European Union leaders have gathered in a new show of solidarity with Ukraine, but divisions over whether to target Russian oil in a new series of sanctions are exposing the limits of how far the bloc can go to help the war-torn country.
Ukrainian President Volodymyr Zelenskyy, who will address the bloc’s 27 leaders by video in the evening, has repeatedly demanded that the EU target Russia’s lucrative energy sector and deprive Moscow of billions of dollars each day in supply payments.
But as they arrived at the summit on Monday, several leaders said there would not be an agreement on a Russian oil ban at the two-day meeting, adding that weeks of haggling were likely to continue.
The leaders are set to agree in principle over a ban, the Reuters news agency reported citing a draft text, but they will leave all the details and hard decisions for later.
“We’re not there yet,” European Commission President Ursula von der Leyen said.
Estonian Prime Minister Kaja Kallas said it was more realistic to expect an agreement next month.
“I don’t think we’ll reach an agreement today. We’ll try to reach an agreement by the summit in June, this is the realistic approach by now,” Kallas said.
The next summit is scheduled for June 23-24.
Some complained harshly over the lack of a deal.
“We’re getting a little bogged down in all of the details and we’re forgetting the big picture,” Latvian Prime Minister Krisjanis Karins said.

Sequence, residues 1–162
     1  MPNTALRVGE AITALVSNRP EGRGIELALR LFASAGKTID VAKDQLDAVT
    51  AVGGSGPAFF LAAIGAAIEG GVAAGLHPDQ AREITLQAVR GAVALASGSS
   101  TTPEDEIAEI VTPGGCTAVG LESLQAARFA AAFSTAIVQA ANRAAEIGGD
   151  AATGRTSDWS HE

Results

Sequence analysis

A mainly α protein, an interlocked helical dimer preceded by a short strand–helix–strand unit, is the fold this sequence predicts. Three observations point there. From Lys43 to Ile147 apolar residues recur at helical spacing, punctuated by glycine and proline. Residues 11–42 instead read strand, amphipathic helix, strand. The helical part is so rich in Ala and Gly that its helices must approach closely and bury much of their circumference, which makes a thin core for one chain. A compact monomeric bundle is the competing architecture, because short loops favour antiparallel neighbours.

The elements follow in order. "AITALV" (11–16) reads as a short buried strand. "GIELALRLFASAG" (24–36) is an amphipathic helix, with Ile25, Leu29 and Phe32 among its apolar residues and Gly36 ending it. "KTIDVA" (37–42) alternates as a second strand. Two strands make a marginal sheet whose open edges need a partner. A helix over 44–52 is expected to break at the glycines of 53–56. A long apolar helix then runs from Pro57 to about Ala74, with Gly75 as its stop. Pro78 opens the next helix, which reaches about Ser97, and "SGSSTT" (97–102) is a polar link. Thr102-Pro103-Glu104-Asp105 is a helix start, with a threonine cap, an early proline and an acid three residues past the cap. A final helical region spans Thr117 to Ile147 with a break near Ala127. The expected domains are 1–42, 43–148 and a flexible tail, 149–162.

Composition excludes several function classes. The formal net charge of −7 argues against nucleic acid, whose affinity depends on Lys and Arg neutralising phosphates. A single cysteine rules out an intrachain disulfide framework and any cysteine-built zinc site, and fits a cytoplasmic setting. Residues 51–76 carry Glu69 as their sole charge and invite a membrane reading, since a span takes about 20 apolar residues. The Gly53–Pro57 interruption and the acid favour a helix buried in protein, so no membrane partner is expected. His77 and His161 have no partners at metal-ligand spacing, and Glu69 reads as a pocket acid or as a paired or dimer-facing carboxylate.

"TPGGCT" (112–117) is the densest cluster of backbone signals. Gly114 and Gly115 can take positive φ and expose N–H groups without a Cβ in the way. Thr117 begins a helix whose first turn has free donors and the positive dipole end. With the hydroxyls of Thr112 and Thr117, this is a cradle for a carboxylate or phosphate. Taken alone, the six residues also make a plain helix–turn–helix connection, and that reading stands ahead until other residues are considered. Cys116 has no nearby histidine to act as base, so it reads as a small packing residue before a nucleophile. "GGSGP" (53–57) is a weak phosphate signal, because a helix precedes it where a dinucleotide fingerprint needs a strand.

“It’s only money, the Ukrainians are paying with their lives,” he said, adding: “We can and we must support them, if only out of self-interest because only when Russia is defeated can we in Europe feel safe.”
A draft text seen by Reuters – which may still be revised – would confirm that an eventual sixth package of EU sanctions will include a ban on seaborne oil imports, with pipeline oil supplied to landlocked Hungary, Slovakia and the Czech Republic to be sanctioned at some later point.
However, the leaders will not finalise a deal on this now but, instead, they will ask diplomats and ministers to find a solution that would also ensure fair competition between those still getting Russian oil and those cut off.
Belgian Prime Minister Alexander De Croo said “these are not easy decisions,” adding: “I have no doubts that within the next days, the next weeks, decisions will be taken.”
Hungary holds out
With Hungary being the main holdout on a deal on a Russian oil ban, its prime minister, Viktor Orban, said as he arrived at the EU summit that things were not looking good on an oil embargo.
“There is no compromise for this moment at all,” Orban said. “We are ready to support the package … if there are solutions for the Hungarian energy supply security, we haven’t got that now.”
Czech Prime Minister Petr Fiala suggested that delaying oil sanctions on Russia could be a solution.
“We’re ready to get rid of our dependence on Russia’s energy sources … but we’re not able to do it in a short term,” Fiala said.
One tangible outcome of the summit should in any case be agreement on a package of EU loans worth $9.7bn (9 billion euros), with a small component of grants to cover part of the interest, for Ukraine to keep its government going and pay wages for about two months.
However, a decision on how to raise the money would be made later.